There were thirteen one-room schoolhouses built in Ontario.  The earliest one was built of logs in 1816 on Lake Road near Knickerbocker.  The first high school was built in 1895 across the street from the present-day Elementary School on Ridge Road.  The school district was consolidated in 1949 and the one-room schoolhouses eventually were sold.

The first church was formed in 1812 when the Methodist followers met in Zebedee Hodges’ home located where the Ginna Nuclear Power Plant now stands on Lake Road near Ontario Center Road.  Their ministry is carried on today in the North Ontario United Methodist Church (“Brick Church”) located at the corner of Brick Church and Ontario Center Roads.

4.clip_image008The Lake Ontario Shore Railroad ran through the town and was opened for travel in 1874.  Between 1900 and 1929, the trolley came through Ontario.  It made its way down Ridge Road from Rochester to Sodus Bay.  In the spring of the year, because of the many orchards along its route, the ride was advertised as “40 miles of blossoms.” Route 104 was built in 1949.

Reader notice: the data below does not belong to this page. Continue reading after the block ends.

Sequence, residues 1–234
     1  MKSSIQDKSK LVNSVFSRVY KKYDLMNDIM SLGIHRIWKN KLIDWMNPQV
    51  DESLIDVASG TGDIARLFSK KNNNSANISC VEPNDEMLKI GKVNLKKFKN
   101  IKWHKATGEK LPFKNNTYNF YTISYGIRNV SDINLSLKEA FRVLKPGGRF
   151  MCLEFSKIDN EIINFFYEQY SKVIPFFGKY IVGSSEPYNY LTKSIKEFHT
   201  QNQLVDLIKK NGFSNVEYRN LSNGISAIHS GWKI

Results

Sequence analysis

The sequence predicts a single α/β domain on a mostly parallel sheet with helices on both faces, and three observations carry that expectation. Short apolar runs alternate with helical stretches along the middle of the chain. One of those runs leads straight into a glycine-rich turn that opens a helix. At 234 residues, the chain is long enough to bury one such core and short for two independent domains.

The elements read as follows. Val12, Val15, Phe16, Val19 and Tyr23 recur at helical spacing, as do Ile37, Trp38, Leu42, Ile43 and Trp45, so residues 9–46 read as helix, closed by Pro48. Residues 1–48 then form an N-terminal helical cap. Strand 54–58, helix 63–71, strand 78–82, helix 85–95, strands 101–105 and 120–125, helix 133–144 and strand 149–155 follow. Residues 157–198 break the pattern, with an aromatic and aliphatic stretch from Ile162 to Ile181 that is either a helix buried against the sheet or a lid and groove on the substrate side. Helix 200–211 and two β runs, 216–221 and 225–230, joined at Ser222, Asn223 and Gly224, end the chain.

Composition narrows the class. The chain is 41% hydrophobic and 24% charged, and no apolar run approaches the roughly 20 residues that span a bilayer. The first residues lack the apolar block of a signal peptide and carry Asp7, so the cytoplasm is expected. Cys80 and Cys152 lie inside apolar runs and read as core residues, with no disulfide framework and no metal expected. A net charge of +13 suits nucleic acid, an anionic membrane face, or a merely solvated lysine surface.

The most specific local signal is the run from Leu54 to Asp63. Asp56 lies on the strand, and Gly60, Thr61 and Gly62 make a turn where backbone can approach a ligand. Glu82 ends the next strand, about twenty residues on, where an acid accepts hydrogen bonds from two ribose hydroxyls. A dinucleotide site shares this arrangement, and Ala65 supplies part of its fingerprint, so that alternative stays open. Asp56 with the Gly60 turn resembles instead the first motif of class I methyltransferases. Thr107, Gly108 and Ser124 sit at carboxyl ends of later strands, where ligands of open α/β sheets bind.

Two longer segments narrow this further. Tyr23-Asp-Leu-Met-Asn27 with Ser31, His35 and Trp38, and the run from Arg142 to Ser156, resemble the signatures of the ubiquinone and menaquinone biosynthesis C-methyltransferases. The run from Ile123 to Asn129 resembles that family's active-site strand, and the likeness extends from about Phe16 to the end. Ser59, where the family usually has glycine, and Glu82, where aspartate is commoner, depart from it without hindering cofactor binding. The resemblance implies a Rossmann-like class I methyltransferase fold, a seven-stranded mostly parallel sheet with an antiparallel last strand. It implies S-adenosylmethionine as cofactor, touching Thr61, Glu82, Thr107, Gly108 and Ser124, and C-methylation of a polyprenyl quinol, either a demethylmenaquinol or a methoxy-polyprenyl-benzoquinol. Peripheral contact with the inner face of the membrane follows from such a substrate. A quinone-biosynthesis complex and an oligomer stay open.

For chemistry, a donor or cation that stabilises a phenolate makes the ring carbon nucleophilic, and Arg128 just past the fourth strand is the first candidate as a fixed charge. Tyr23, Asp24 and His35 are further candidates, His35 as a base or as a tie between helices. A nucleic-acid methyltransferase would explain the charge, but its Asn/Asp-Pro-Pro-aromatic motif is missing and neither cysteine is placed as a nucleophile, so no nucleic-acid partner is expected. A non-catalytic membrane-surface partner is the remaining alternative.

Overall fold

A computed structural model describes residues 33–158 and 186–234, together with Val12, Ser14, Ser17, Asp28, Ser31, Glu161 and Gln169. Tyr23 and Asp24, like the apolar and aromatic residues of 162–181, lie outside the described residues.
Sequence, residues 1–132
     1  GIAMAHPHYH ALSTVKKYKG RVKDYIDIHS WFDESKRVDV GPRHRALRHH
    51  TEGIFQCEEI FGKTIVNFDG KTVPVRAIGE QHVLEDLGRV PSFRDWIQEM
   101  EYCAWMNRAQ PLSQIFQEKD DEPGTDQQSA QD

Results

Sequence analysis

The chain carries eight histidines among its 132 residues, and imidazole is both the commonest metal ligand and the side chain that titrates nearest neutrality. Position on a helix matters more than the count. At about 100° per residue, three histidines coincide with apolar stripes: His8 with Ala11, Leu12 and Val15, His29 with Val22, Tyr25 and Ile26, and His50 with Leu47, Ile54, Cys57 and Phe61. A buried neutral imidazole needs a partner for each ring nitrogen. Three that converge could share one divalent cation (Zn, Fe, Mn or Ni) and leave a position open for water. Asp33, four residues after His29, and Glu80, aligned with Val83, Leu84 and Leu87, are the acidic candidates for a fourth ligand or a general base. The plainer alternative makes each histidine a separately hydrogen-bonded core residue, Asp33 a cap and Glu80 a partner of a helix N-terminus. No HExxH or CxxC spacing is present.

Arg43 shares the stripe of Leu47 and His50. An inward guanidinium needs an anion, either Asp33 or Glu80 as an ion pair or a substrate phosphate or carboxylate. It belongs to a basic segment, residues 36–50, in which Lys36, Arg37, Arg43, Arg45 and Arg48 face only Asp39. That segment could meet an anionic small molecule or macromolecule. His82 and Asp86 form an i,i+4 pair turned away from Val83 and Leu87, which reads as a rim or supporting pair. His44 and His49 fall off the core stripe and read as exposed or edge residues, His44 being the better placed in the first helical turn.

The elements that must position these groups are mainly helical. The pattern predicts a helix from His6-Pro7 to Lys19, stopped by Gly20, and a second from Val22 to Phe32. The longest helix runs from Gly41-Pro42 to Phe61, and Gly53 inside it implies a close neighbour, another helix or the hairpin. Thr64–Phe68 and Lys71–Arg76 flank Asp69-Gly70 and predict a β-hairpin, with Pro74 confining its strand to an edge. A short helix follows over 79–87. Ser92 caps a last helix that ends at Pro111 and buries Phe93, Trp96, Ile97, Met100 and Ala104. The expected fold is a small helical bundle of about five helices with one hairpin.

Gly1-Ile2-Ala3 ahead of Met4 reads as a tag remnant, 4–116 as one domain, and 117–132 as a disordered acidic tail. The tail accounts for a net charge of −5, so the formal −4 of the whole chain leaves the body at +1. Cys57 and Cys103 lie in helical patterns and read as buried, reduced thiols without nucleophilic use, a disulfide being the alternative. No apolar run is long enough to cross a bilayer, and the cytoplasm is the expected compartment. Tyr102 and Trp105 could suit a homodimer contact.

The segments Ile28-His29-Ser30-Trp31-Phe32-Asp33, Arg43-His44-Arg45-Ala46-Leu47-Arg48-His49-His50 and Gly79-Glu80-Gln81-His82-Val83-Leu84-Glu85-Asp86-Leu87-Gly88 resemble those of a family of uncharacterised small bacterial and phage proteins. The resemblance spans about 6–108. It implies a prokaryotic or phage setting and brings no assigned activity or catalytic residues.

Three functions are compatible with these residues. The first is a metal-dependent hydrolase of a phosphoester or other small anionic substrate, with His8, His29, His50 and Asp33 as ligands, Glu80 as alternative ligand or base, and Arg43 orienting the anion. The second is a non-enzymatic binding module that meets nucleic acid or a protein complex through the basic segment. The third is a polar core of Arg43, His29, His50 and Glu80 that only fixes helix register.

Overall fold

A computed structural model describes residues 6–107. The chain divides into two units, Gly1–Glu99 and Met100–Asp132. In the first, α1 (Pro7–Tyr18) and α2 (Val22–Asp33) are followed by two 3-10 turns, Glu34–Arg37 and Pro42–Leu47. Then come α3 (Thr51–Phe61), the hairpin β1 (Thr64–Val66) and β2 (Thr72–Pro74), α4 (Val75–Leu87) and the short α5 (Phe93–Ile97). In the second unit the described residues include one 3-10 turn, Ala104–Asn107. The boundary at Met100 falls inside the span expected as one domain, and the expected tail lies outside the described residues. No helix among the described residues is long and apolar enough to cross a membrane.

Ontario is home to twelve beautiful cobblestone houses.  This type of building construction is unique to Western New York.  Over ninety percent of cobblestone houses are located within a sixty-mile radius of Rochester, New York.  These cobblestone homes were built between 1825 and 1860.

Today’s focus of Ontario’s history is at Heritage Square at the Brick Church Corners located on Ontario Center Road one mile south of the lake.  These corners were recognized as a mid-nineteenth century crossroads community and placed on the National Register of Historic Places in 1974.  This area consists of the Brick Church, the Pease Homestead and Heritage Square Museum (

Located at Heritage Square Museum are the Ruffell Log Cabin, the Baptist Meeting House, the Brick Church Schoolhouse, the Watson Iron Ore Miner’s Home, the Warner Farmhouse, the Lockup, the Apple Dryhouse, the exhibit barn and the Ontario Train Station.  This museum is lovingly cared for by the Town of Ontario Historical and Landmark Preservation Society and is open to the public from 1:30 – 4:00 p.m. Saturdays and Sundays from June through September.